0|   0  1  3  7  9 11 13 17 19
1|   1  2  4  8 10 12 14 18  0
3|   3  4  6 10 12 14 16  0  2
7|   7  8 10 14 16 18  0  4  6
9|   9 10 12 16 18  0  2  6  8
11|  11 12 14 18  0  2  4  8 10
13|  13 14 16  0  2  4  6 10 12
17|  17 18  0  4  6  8 10 14 16
19|  19  0  2  6  8 10 12 16 18
```

Some of the sums are not original elements, as given by the top row and leftmost column. The closure property doesn't hold with respect to addition. This is not a field or ring, because to qualify as either, at least addition must satisfy the CAIN properties of a group.

However, suppose the modulus is prime, e.g. let's look at the addition table for Rgroup(11):

```>>> r11 = Rgroup(11)
>>> r11.table("+")

+    0  1  2  3  4  5  6  7  8  9 10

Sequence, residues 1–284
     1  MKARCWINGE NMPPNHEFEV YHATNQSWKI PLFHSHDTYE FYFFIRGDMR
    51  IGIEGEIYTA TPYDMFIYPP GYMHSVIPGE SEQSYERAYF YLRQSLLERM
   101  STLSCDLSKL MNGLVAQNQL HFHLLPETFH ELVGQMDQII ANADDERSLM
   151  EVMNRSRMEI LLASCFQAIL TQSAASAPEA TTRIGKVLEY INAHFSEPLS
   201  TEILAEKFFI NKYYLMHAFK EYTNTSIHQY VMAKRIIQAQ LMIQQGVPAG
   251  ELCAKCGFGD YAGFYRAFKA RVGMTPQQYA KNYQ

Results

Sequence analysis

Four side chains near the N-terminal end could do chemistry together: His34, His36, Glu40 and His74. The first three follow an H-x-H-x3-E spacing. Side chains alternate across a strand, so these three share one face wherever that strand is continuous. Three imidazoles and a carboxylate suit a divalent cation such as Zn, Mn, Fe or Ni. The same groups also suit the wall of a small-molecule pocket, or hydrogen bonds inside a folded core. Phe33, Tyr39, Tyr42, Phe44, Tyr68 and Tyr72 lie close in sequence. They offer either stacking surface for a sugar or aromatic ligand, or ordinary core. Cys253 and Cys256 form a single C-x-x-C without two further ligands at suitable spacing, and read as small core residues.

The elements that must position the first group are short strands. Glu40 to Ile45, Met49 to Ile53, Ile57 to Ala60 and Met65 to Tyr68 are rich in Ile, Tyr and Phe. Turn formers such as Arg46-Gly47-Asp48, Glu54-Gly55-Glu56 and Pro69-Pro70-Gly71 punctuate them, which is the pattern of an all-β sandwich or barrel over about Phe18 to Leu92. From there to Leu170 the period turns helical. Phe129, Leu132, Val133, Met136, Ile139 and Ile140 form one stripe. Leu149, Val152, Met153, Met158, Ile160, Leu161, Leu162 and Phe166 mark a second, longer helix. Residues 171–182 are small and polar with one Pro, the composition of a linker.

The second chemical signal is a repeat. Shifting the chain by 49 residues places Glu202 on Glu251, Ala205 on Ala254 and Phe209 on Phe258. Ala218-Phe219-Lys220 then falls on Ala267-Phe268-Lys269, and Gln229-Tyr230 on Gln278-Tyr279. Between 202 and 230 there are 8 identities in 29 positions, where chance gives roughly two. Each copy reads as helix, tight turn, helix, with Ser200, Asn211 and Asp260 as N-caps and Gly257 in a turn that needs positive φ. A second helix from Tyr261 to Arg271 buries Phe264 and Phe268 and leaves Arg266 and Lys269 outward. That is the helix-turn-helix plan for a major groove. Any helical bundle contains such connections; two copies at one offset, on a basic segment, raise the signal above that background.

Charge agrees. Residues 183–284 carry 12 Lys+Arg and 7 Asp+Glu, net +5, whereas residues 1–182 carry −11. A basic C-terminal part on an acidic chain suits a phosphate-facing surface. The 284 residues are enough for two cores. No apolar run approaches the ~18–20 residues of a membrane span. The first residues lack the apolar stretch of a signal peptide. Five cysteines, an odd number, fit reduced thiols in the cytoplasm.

-------------------------------------
0|   0  1  2  3  4  5  6  7  8  9 10
1|   1  2  3  4  5  6  7  8  9 10  0
2|   2  3  4  5  6  7  8  9 10  0  1
3|   3  4  5  6  7  8  9 10  0  1  2
4|   4  5  6  7  8  9 10  0  1  2  3
5|   5  6  7  8  9 10  0  1  2  3  4
6|   6  7  8  9 10  0  1  2  3  4  5
7|   7  8  9 10  0  1  2  3  4  5  6
8|   8  9 10  0  1  2  3  4  5  6  7
9|   9 10  0  1  2  3  4  5  6  7  8
10|  10  0  1  2  3  4  5  6  7  8  9
```

Because every positive integer less than prime p (in this case p = 11) is relatively prime to p, addition is closed. Repeatedly adding 1 never gets you out of the group. In fact, we have groups with respect to both addition and multiplication. Not only that, but a+b and a*b are both commutative, not just associative. A field meeting all these criteria is called a Galois Field (GF) for modulus p, and may be designated GF(p). Evariste Galois (1811 - 1832) pioneered an application of group theory principles to the domain of polynomials with the aim of determining their solubility in terms of radicals (fractional powers of real numbers).